Asteroid Nereus: Radar image of space rock.
This is a radar image of asteroid 4660 Nereus. If you saw the asteroid through a small telescope it would look, true to its name, “star-like.” Image via NASA/NSF/Arecibo.


Will you see it?

Saturday’s close pass of this asteroid will not be visible to eye alone. Asteroid 4660 Nereus will reach a visual magnitude around 12. That’s far too faint to see with the unaided eye.

What would it look like if you could see it? Remember, the word asteroid means star-like. Through earthly telescopes, asteroids look like stars. But, because they’re close to us, they are moving stars. An amateur astronomer wanting to observe Nereus would point a telescope at the correct location and time. Then they’d carefully observe the stars in the field of view. And then they’d compare the view 15 or 20 minutes later to try to detect an apparent “star” that had changed position. The moving “star” will be asteroid Nereus. A long-exposure image would be an easier way to detect the space rock. On such photos, the asteroid will appear as a streak or line, because of its motion.

The charts below are for this weekend. To see Nereus, you would need at least an 8-inch (20-cm) telescope, or larger.

December 10, 2021 around 11:50 p.m. CST, facing northeast. Asteroid 4660 Nereus will appear to be inside the Big Dipper on this night. Illustration by Eddie Irizarry / Stellarium.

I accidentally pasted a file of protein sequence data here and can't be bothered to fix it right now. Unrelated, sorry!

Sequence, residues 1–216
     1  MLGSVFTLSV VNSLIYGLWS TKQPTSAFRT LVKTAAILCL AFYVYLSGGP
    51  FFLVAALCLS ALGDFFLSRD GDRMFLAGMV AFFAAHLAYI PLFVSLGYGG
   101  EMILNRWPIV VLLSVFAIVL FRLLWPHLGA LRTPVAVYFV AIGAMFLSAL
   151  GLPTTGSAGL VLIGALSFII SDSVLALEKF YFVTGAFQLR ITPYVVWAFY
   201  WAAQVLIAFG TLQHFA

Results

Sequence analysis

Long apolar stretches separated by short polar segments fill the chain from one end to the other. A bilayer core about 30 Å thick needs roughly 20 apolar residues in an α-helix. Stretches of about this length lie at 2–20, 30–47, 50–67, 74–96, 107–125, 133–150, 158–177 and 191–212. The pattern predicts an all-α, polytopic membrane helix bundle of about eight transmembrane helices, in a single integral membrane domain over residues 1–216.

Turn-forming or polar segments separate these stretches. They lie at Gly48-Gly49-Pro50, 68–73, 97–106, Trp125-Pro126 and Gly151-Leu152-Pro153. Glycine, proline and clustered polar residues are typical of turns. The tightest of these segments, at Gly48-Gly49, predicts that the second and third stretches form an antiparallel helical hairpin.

December 10, 2021: A closer look. Observers using a computerized or “Go To” telescope can point the instrument at the reference star HIP 55797 on December 10 at around 11:50 p.m. CST to locate asteroid Nereus. Illustration by Eddie Irizarry/ Stellarium.
December 11, 2021, facing northeast. Here you can see how much the space rock has changed position from the previous night. Illustration by Eddie Irizarry/ Stellarium.
Have a computerized or “Go To” telescope? Point it to star HIP 57876 or HIP 58080 on the night of December 11, 2021 around 11:50 pm CT and you might be able to spot asteroid Nereus slowly moving in front of the stars. Illustration by Eddie Irizarry/ Stellarium.
Five circles of different colors indicate the orbit of Asteroid 4660 Nereus
Orbit of Asteroid 4660 Nereus via NASA/ JPL.

Bottom line: Asteroid Nereus will pass Earth at about 10 lunar distances (2.4 million miles, 3.9 million km) on Saturday, December 11, 2021.

December 10, 2021

Like what you read?
Subscribe and receive daily news delivered to your inbox.

Your email address will only be used for EarthSky content. Privacy Policy
Thank you! Your submission has been received!
Oops! Something went wrong while submitting the form.

More from 

Eddie Irizarry

View All